- Business Insider/Jessica Tyler
- Sears Chairman Eddie Lampert has another chance to save the company from total liquidation.
- Lampert’s $4.4 billion takeover bid will be assessed against competing parties’ bids at an auction scheduled for Monday, a judge said during a hearing in New York on Tuesday.
- For his bid to stay alive, Lampert must provide Sears with a $120 million deposit by Wednesday.
Sears Chairman Eddie Lampert has one last chance to save the company from total liquidation.
Lampert’s $4.4 billion takeover bid will be assessed against competing parties’ bids at an auction scheduled for Monday, a US bankruptcy judge said in court on Tuesday.
The auction “will involve the debtors and their key consulting parties evaluating not only ESL’s [proposal] but all their alternatives,” Judge Robert Drain said, referring to ESL Investments, Lampert’s hedge fund.
Drain noted Sears’ size and the fact that the company “affects a lot of people,” and said ESL’s proposal may enable Sears to “survive as a going concern.” Sears had 687 stores and about 68,000 employees when it filed for bankruptcy protection in mid-October.
Sears appeared prepared to pursue liquidation on Tuesday after rejecting Lampert’s bid, which was submitted last month through an affiliate of his hedge fund.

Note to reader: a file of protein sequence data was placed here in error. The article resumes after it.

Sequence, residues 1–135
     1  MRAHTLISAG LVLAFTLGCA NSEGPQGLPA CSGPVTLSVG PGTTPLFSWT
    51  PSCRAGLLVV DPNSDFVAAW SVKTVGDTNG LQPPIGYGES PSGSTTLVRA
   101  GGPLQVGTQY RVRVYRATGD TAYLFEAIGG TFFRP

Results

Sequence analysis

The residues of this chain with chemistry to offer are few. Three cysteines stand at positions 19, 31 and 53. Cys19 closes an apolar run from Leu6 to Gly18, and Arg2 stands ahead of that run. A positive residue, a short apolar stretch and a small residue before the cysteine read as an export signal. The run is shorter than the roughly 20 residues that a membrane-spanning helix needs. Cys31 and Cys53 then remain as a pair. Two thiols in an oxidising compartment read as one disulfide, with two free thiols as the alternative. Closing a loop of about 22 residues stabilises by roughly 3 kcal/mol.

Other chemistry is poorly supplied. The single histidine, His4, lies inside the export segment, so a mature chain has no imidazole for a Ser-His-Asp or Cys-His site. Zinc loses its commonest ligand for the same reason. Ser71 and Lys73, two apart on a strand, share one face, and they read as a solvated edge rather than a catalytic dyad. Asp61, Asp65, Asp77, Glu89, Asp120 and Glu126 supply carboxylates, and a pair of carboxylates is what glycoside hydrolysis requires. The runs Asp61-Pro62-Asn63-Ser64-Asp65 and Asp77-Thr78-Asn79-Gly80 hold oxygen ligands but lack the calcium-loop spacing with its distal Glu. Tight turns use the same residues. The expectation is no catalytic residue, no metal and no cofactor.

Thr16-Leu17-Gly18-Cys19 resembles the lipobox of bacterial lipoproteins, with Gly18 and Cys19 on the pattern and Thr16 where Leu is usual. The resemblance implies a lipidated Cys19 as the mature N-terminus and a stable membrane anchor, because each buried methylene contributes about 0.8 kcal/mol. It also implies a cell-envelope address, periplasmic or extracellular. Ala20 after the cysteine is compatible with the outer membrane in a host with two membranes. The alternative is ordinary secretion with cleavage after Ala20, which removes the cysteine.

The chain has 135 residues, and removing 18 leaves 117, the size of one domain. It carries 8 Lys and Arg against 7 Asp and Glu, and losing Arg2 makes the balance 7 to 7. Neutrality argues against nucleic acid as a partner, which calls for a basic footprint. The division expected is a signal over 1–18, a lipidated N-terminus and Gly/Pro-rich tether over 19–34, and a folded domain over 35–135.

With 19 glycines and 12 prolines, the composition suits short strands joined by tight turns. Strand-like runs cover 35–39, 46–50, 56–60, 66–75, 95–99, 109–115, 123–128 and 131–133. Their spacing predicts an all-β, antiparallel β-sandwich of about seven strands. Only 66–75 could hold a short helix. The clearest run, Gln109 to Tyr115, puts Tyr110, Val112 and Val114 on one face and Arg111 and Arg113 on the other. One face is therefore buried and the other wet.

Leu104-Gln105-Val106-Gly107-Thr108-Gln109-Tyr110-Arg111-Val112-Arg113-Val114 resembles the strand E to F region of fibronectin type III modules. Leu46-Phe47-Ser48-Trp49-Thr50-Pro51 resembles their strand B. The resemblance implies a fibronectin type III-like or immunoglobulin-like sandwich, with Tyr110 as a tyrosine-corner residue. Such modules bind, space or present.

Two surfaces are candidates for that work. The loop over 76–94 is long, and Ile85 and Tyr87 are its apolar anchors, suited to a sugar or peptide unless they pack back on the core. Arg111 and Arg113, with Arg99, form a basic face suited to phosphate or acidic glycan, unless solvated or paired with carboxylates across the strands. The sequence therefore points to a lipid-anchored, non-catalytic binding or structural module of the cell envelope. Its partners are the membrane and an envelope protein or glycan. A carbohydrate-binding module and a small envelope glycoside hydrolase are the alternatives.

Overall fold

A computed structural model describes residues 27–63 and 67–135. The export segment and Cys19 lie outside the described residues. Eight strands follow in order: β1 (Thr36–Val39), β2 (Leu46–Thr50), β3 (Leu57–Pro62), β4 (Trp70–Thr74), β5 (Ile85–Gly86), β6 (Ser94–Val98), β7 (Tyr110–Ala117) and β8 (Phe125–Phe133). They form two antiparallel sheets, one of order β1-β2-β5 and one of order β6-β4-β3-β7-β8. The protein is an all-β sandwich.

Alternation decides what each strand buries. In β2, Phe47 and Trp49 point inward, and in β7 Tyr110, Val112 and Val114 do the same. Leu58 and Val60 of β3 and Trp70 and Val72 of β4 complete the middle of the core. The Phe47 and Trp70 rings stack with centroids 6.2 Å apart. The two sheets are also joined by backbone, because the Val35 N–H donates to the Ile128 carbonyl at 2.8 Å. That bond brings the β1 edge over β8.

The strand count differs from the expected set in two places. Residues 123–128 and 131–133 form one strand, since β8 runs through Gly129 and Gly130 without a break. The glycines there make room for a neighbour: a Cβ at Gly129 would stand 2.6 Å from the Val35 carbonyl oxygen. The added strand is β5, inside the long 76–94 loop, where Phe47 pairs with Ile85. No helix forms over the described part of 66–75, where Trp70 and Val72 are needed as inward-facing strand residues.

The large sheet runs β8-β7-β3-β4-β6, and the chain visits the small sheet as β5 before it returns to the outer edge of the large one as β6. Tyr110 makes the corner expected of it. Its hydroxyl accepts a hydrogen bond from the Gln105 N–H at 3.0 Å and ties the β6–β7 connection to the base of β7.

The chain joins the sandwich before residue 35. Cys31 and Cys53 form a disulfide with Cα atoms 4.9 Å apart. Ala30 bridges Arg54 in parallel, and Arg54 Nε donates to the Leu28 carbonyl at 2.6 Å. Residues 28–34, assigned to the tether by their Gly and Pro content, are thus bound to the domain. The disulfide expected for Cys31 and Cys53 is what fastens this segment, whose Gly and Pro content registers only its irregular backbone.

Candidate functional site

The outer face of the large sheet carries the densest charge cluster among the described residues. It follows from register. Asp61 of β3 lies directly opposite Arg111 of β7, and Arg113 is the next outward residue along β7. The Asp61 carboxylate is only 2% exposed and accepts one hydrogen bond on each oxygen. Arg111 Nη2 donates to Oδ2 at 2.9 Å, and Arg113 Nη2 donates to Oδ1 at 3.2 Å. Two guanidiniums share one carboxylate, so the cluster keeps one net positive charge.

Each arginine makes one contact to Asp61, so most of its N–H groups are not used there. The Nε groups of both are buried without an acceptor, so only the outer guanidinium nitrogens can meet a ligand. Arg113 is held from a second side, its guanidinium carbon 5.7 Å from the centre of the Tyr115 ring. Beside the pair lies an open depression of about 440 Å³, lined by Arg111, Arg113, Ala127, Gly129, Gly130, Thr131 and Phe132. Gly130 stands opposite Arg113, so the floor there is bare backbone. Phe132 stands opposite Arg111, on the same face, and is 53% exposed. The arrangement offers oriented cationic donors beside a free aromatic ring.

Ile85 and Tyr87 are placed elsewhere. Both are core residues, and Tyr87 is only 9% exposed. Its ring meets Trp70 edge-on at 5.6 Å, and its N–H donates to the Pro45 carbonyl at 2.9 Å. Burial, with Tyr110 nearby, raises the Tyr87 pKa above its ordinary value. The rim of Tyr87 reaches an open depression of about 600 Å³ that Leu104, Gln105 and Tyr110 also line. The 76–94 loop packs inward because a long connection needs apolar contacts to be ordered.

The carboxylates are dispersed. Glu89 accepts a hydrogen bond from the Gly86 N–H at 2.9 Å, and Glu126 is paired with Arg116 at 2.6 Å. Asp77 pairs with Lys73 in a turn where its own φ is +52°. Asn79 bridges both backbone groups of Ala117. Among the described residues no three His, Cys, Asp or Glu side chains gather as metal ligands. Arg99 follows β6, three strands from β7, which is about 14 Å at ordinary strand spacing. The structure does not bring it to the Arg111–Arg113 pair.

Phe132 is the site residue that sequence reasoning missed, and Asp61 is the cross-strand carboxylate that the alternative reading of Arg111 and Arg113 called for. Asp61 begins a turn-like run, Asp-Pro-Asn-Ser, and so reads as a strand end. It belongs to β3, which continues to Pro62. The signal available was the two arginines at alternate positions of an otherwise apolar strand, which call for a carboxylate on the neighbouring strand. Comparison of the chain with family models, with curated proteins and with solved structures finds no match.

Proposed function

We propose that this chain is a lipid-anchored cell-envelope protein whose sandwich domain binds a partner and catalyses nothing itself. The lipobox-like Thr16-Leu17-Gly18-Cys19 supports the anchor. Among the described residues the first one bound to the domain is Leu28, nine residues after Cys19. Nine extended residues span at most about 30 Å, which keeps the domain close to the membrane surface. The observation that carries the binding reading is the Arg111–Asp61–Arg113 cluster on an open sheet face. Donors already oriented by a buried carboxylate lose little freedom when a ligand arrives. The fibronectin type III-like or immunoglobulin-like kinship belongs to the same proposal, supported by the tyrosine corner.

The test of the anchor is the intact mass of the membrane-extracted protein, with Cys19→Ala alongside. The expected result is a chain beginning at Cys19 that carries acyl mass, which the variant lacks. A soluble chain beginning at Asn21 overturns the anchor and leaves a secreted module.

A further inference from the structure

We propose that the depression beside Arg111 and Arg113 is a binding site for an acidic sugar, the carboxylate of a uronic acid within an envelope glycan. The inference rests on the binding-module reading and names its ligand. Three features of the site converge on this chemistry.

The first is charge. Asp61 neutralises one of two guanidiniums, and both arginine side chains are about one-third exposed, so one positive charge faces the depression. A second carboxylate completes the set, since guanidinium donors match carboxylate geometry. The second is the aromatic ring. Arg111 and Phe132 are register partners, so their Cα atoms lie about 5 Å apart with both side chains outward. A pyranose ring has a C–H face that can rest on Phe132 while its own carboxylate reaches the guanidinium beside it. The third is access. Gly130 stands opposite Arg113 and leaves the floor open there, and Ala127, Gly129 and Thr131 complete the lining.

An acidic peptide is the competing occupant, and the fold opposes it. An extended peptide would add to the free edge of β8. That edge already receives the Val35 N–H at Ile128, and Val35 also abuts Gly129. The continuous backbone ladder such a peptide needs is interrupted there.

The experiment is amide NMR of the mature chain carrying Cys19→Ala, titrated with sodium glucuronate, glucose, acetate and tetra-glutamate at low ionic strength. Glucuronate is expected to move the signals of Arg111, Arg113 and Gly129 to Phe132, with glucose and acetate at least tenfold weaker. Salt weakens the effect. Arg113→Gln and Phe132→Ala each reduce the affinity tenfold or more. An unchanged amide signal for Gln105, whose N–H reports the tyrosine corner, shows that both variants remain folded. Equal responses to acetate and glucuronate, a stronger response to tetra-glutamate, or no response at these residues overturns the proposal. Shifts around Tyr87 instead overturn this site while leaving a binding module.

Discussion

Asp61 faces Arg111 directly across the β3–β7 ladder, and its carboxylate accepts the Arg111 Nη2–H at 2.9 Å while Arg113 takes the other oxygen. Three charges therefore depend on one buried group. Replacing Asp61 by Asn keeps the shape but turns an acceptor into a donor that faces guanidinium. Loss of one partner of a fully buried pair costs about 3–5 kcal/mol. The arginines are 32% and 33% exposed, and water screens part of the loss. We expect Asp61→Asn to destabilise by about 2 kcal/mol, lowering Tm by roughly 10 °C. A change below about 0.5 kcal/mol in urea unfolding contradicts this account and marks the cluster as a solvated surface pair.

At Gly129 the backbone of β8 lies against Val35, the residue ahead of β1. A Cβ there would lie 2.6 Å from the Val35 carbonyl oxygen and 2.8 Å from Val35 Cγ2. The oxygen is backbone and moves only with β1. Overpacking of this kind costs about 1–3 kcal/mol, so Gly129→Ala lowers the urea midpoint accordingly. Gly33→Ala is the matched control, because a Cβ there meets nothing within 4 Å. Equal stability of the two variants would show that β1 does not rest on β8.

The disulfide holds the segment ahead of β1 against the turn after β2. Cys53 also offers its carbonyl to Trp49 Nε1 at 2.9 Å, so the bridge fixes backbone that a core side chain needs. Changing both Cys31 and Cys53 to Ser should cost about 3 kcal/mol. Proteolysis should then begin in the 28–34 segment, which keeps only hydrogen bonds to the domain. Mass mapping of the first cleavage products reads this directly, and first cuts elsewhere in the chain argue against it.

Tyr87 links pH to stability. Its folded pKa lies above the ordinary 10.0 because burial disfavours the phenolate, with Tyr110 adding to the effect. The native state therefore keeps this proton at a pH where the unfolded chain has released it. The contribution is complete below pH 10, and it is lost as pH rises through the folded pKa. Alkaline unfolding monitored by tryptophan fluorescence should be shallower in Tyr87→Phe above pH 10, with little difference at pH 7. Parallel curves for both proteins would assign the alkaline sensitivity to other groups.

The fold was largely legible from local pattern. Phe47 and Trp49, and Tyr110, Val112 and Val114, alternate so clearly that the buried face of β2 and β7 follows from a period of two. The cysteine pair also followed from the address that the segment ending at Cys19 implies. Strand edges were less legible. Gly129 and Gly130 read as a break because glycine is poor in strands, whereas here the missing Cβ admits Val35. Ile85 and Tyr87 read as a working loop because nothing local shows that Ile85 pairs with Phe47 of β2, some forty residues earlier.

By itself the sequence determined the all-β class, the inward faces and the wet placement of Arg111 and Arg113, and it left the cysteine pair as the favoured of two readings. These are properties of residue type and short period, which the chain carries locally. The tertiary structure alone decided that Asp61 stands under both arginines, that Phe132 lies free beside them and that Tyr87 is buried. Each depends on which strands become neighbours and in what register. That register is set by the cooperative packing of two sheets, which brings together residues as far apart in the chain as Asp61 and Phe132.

But last-minute negotiations that twice delayed Tuesday’s hearing by several hours led to the deal that gave Lampert another opportunity to compete for Sears’ assets.
For his bid to stay alive, Lampert must provide the company with a $120 million deposit by Wednesday.
Lampert’s bid would keep about 425 stores open and save the jobs of about 50,000 workers, according to ESL.
“As we have said before, our proposal provides substantially more value to stakeholders than would be the case in liquidation and is the only option to save an iconic American retailer and up to 50,000 jobs,” an ESL spokesman said Tuesday. “We believe in Sears and will continue to do everything we can to ensure that it has a profitable future.”